Toxins of the subject invention are specifically exemplified herein by the toxins encoded by the genes designated 50C(a), 50C(b), and 43F. Since these toxins are merely exemplary of the toxins of the subject invention, it should be readily apparent that the subject invention further comprises variant toxins (and nucleotide sequences coding for variant toxins) having the same or essentially the same biological activity against scarab pests of the exemplified toxins. These equivalent toxins will have amino acid homology with a toxin of the subject invention. This amino acid homology will typically be greater than 75%, preferably be greater than 90%, and most preferably be greater than 95%. The amino acid homology will be highest in certain critical regions of the toxins which account for biological activity or are involved in the determination of three-dimensional configuration which ultimately is responsible for the biological activity. In this regard, certain amino acid substitutions are acceptable and can be expected if these substitutions are in regions which are not critical to activity or are conservative amino acid substitutions which do not affect the three-dimensional configuration of the molecule. For example, amino acids may be placed in the following classes: non-polar, uncharged polar, basic, and acidic. Conservative substitutions whereby an amino acid of one class is replaced with another amino acid of the same type fall within the scope of the subject invention so long as the substitution does not materially alter the biological activity of the compound. Table 2 provides a listing of examples of amino acids belonging to each class.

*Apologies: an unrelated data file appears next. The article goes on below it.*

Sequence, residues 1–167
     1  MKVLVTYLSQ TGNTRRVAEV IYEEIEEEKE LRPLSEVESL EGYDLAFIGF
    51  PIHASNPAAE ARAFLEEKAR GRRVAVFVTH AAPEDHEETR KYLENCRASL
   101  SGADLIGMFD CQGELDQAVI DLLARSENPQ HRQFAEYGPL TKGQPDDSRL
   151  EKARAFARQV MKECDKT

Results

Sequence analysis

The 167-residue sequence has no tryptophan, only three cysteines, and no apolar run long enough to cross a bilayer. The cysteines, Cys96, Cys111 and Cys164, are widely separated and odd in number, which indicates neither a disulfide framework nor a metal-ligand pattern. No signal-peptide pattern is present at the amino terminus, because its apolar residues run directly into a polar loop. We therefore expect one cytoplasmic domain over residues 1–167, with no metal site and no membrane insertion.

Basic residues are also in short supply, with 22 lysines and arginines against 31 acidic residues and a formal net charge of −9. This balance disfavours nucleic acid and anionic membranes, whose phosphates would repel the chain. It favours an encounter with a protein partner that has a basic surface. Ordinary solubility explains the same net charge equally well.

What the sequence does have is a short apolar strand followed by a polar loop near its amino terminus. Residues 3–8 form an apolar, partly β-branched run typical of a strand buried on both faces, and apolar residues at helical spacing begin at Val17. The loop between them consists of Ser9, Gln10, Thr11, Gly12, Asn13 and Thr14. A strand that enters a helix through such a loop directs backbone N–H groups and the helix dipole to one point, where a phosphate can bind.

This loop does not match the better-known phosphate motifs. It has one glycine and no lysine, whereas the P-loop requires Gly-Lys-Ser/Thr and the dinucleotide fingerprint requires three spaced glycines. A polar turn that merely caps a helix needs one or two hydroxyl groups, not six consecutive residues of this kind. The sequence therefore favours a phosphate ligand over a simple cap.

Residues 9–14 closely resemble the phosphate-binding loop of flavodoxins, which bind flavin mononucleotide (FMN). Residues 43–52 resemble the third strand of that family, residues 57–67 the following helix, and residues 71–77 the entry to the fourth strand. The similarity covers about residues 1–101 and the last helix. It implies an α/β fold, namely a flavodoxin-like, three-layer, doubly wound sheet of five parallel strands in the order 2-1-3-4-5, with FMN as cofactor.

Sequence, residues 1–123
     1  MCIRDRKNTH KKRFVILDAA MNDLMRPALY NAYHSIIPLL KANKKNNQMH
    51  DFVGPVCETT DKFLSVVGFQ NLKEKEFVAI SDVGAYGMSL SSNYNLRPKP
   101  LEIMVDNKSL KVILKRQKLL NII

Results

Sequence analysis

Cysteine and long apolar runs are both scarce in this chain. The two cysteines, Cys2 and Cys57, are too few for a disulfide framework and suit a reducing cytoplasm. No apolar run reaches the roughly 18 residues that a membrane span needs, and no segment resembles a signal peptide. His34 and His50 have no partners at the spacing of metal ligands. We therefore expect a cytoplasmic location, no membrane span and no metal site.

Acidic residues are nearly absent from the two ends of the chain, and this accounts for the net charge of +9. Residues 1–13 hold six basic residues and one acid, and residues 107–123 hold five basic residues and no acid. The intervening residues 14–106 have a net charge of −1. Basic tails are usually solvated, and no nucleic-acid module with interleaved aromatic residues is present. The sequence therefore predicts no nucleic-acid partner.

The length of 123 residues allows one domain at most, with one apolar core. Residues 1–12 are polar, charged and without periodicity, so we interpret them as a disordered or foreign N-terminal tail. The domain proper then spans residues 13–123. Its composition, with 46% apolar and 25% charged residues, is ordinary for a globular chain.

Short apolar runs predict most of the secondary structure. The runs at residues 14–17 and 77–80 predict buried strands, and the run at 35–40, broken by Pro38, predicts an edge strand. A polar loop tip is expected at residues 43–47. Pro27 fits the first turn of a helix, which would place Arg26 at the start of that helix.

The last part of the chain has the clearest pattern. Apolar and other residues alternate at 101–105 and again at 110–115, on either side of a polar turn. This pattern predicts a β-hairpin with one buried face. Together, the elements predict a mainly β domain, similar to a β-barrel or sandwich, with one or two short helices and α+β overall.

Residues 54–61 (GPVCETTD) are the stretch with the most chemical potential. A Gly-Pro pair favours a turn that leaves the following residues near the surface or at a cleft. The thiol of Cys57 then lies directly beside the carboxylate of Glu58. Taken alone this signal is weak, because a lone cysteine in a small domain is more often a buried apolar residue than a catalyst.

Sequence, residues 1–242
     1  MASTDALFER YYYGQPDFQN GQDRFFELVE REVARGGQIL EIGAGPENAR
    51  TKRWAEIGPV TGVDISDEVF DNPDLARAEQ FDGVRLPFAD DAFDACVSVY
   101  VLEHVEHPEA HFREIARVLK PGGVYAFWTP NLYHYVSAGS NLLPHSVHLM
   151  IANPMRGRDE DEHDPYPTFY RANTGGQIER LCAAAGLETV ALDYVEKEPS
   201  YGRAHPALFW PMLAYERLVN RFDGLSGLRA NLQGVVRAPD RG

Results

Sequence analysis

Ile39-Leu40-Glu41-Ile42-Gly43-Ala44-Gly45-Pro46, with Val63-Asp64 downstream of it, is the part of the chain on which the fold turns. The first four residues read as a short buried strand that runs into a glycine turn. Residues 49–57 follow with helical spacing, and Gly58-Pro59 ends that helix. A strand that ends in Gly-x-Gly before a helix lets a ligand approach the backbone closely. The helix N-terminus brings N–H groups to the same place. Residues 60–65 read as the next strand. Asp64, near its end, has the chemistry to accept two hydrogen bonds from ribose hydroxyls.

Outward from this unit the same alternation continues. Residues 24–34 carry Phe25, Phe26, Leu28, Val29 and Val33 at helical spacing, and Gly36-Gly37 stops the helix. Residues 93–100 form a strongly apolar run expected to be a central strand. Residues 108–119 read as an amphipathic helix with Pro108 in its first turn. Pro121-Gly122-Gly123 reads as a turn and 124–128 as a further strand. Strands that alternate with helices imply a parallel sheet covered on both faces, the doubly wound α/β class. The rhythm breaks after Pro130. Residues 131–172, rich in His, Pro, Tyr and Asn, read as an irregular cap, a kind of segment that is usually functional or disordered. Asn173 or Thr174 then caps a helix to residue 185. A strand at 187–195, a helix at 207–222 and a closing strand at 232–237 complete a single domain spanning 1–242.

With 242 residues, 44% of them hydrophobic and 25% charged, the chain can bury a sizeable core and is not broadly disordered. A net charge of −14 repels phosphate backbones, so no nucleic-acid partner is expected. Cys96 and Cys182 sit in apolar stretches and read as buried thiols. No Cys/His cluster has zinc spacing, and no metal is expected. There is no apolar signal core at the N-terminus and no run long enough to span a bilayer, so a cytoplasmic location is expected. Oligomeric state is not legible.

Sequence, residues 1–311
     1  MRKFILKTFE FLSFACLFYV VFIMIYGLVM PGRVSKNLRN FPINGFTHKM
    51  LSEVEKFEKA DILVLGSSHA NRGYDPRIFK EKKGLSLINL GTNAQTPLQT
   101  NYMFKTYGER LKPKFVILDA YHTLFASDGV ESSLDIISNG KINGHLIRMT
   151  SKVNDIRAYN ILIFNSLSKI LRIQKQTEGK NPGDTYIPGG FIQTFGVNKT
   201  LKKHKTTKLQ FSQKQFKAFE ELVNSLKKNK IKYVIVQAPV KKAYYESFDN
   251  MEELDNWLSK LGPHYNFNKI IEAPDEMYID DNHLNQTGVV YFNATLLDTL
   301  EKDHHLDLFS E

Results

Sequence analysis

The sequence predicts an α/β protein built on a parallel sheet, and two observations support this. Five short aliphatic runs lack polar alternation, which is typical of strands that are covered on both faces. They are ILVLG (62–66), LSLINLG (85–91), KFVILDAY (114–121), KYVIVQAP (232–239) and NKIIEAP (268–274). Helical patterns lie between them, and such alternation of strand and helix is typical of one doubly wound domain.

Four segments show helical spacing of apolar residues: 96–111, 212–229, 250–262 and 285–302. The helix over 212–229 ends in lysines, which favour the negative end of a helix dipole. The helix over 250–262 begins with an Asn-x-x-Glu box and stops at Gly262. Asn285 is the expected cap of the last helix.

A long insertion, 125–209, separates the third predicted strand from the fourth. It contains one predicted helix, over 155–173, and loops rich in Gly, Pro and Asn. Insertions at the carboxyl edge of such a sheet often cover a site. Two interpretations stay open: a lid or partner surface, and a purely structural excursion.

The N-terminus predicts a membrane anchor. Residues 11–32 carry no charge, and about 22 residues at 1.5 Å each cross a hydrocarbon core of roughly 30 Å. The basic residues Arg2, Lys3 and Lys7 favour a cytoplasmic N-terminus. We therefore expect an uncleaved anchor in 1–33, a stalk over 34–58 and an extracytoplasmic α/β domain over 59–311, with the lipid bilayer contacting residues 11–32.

TABLE 2______________________________________Class of Amino Acid Examples of Amino Acids______________________________________Nonpolar Ala, Val, Leu, Ile, Pro, Met, Phe, TrpUncharged Polar Gly, Ser, Thr, Cys, Tyr, Asn, GlnAcidic Asp, GluBasic Lys, Arg, His______________________________________